Administration strategists yesterday were promoting a plan that links congressional approval of military aid to the Nicaraguan contras with pledges of a last-ditch U.S. diplomatic effort to bring the Sandinista government and the contras to the bargaining table.
White House and congressional sources said the administration favored a proposal they described as a "nonlegislative compromise" calling for President Reagan to send a concessionary letter to Congress before next week's votes on the administration proposal to provide the rebels with $100 million in aid, including $70 million in military assistance.
The president would promise in this letter that he would not send military aid to the rebels for a specified period of time -- probably 60 days or 75 days -- while U.S. and Latin American diplomats tried to bring the Sandinista government to the bargaining table with the counterrevolutionaries, or contras.
El Salvador's president, Jose Napoleon Duarte, said last week he would enter into discussions with leftist guerrillas in his country if Nicaraguan President Daniel Ortega would negotiate with the contras. Reagan this week is sending Philip C. Habib, his new special envoy to Central America, to meet with Duarte and other leaders in the region.
Reagan said yesterday that the "tide is turning" on Capitol Hill in favor of his aid proposal, but Senate Majority Leader Robert J. Dole (R-Kan.) emerged from a meeting with Habib and said it will be "very, very difficult" to win Senate passage of the aid package. Dole said he was "always willing to compromise" and suggested that a proposal by Sen. Jim Sasser (D-Tenn.) to suspend delivery of the military aid for six months pending an attempt at a diplomatic solution "may be the basis" for a solution.
Reagan has said repeatedly that six months is too long to wait. One official said "the Sandinistas won't leave much of the contras as a fighting force" if the rebels receive no military assistance during the next half year.
Despite Reagan's claim that sentiment was swinging to his side on the aid package, administration officials and supportive Republican congressmen acknowledged that opponents of the proposal are presently ahead in the House. But sources on both sides said it was impossible to make a precise count because there are swing votes that could be decided by the wording of a Reagan letter or the amount of time the administration is willing to postpone military aid pending a diplomatic solution.
Under the proposal now being discussed by administration strategists and congressional leaders, that aid could be postponed indefinitely if the Sandinistas actually entered into negotiations with the contras.
But there was skepticism among some swing voters on Capitol Hill whether a presidential letter would be sufficient to gain approval of the aid package.
"It's got to be a lot more than a letter," said Rep. Dave McCurdy (D-Okla.), considered a key vote. "I've been the recipient of letters before."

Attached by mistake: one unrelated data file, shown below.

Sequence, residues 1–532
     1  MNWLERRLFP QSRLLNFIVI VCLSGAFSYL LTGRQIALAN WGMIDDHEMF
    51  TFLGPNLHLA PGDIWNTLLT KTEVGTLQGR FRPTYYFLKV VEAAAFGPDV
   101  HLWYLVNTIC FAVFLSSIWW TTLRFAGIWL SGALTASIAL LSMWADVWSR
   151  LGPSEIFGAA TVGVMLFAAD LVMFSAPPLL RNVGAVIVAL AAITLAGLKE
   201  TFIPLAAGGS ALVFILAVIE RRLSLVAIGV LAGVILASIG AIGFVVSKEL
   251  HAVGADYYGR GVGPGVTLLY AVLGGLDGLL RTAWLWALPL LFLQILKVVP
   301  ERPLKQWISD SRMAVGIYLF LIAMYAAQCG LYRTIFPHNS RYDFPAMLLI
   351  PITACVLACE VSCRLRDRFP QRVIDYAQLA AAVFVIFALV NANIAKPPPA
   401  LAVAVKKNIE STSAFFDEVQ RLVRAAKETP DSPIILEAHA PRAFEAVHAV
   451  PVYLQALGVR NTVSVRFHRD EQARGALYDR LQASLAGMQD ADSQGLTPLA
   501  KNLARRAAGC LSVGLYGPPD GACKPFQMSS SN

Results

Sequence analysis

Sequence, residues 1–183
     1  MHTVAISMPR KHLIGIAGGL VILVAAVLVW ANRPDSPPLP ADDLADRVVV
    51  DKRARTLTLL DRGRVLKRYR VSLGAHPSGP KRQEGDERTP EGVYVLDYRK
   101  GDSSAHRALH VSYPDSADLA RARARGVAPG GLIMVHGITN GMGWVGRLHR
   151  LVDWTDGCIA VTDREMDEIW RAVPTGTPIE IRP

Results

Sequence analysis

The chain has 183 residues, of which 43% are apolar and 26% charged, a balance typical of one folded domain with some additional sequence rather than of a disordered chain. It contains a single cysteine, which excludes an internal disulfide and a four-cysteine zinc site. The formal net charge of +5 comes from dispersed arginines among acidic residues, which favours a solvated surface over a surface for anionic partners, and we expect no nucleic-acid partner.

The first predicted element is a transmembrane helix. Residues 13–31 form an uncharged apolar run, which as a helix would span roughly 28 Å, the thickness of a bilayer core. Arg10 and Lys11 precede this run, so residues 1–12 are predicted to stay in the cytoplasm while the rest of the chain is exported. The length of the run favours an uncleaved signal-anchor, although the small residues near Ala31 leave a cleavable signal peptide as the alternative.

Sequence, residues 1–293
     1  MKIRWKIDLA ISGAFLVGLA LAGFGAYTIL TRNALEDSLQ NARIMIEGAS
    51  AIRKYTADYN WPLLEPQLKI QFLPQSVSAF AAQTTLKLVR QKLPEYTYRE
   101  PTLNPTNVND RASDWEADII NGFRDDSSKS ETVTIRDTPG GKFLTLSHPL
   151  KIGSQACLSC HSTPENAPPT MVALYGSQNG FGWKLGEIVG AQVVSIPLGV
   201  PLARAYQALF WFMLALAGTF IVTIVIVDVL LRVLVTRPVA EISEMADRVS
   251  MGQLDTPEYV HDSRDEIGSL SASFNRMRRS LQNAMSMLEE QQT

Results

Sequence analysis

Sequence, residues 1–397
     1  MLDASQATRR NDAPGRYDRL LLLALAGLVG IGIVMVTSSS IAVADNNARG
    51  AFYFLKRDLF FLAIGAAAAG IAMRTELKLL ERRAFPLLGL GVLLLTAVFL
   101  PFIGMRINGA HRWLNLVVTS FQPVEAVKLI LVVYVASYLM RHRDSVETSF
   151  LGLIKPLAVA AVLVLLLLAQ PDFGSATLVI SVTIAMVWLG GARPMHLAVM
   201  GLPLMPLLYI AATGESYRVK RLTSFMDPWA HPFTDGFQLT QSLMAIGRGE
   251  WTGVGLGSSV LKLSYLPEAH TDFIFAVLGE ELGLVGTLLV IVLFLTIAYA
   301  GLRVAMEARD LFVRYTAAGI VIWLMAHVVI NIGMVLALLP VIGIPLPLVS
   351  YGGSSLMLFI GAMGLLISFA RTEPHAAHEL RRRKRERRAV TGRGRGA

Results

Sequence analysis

Publicly, Reagan shifted gears yesterday toward a more bipartisan approach after a week in which White House communications director Patrick J. Buchanan pointedly attacked the Democrats for their opposition to the package and said the choice was "between Ronald Reagan and the resistance -- or Daniel Ortega and the communists."
Yesterday, Reagan told a group of supporters in the White House that "on this issue we must act not as Republicans . . . or Democrats, but as Americans." He went on to quote the late Sen. Henry M. Jackson (D-Wash.) as saying that "in matters of national security, the best politics is no politics," and to claim that an "anti-communist coalition" representing a bipartisan grouping on foreign policy was reemerging on Capitol Hill.
Administration strategists said that Reagan will push this bipartisan approach in private talks with congressmen all week, culminating in a nationally televised speech Sunday night.
The signs from the Senate did not appear favorable to the administration after a day in which Habib met with several Senate leaders. One Senate source said there is currently not enough support in the Foreign Relations Committee to approve the package and that it will probably be discharged to the Senate floor without a recommendation on Thursday.
Sasser told reporters that there is "better than a 50-50 chance" that the administration plan would be defeated in the Senate and said this would damage the credibility of Reagan's foreign policy.
Dole nonetheless scheduled debate on the proposal for next Monday, two days ahead of the March 19 House vote. This could mean that the Senate will vote first, in an apparent attempt to put more pressure on the House.
In the House the administration ran into difficulties on both sides of the issue. Rep. Michael D. Barnes (D-Md.) said the language of the president's request for the $70 million in military aid could free the Central Intelligence Agency to dip into additional contingency funds thought to amount to $400 million. Officials within the administration and on the Senate Select Committee on Intelligence disputed this interpretation.
Conservative Republicans, meanwhile, warned the White House that the administration would lose votes in its own ranks if Reagan compromised too much on military aid.